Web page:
Translation:I have to go to Delhi to meet my friend.
The से is a "postposition" which has an effect on the noun-phrase (my friend) that proceeds it. It puts the noun-phase into the "oblique case." The "oblique case" form of apna is apne. The oblique of dost is dost (no change).
Ahh got it, thanks. So with that being said, would it also be correct to say "mujhe jald hi apne ghar ko bechna hai" as opposed to apna ghar?
Shouldn't this be "I go to meet" or "going to meet"? If it's"have to go" then shouldn't it be चाहिए?
No chahiye would mean something else here. mujhe karna hai = I have to do. Same construct with any verb, if you are saying that you have to do something, use mujhe (infinitive form of verb) hai. mujhe karna chahiye = I should do.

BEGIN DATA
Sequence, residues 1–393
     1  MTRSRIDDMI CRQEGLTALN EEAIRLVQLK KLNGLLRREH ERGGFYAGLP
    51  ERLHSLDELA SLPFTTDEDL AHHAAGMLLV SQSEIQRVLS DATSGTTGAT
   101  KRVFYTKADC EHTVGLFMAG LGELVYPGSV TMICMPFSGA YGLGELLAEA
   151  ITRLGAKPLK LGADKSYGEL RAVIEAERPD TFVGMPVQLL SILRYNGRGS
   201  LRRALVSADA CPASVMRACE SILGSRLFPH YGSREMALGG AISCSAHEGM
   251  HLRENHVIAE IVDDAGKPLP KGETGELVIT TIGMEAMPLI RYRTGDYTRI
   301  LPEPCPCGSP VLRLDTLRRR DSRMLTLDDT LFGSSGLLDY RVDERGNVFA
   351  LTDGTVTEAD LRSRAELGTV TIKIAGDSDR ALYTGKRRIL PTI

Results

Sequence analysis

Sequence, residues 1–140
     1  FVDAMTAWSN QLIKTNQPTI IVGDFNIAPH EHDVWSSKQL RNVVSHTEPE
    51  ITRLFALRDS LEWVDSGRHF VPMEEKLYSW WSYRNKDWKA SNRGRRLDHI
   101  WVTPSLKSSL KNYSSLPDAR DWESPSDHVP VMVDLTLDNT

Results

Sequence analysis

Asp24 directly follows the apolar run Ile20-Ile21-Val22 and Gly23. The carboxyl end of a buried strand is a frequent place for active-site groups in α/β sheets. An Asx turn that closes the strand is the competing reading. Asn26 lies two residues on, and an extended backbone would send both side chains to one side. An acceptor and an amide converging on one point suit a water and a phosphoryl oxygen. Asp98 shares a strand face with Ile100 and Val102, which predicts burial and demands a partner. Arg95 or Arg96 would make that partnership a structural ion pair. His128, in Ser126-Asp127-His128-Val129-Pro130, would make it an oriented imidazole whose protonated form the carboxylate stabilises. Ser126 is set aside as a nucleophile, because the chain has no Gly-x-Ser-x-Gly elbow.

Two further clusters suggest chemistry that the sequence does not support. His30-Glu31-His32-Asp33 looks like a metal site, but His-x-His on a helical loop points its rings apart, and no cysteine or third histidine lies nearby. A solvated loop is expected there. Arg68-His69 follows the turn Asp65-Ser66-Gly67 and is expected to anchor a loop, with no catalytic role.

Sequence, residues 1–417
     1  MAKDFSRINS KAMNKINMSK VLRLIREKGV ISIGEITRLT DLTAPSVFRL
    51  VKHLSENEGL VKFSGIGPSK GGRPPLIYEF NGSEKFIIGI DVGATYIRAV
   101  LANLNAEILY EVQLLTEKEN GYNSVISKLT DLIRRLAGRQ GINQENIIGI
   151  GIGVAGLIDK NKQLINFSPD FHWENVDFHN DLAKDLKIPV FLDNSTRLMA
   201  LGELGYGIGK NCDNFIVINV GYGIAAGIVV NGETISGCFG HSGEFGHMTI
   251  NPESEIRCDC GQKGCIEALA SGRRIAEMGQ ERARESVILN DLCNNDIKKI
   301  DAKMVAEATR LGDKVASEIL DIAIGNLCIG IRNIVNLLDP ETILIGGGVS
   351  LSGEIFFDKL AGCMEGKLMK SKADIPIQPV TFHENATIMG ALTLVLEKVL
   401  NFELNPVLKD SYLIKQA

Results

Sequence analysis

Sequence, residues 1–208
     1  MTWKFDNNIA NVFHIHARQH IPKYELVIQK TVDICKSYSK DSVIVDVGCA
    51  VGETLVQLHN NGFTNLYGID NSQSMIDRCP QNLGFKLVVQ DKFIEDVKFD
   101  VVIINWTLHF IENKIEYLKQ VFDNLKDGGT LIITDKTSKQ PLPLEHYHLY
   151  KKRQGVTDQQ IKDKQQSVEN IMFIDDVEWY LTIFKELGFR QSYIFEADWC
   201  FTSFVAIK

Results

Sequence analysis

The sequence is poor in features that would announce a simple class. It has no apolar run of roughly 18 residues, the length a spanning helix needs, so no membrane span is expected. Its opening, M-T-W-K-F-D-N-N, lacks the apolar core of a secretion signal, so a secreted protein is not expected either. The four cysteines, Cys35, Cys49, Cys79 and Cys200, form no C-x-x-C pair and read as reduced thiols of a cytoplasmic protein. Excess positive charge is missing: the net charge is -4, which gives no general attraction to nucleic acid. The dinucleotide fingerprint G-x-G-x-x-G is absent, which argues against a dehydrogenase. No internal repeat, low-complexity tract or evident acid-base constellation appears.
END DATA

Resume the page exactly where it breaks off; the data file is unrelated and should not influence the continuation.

So it's just the "mujhe" that makes it "I have to meet" and not "I meet"? That's the only thing?
I don't get where the "have to" comes in this sentence or any of the other ones, I'm COMPLETELY lost in this lesson.
I meet: मैं मिलता हूँ, I have to meet: मुझे मिलना है. For 'Have to do' forms of a verb, you use object pronouns (like मुझे) instead of subject pronouns (like मैं,) and the verb goes into its infinitive form, मिलना, instead of conjugating it at all. Then है finishes the sentence. I eat food: मैं खाना खाता हूँ. I have to eat food: मुझे खाना खाना है. (खाना means both food and 'to eat')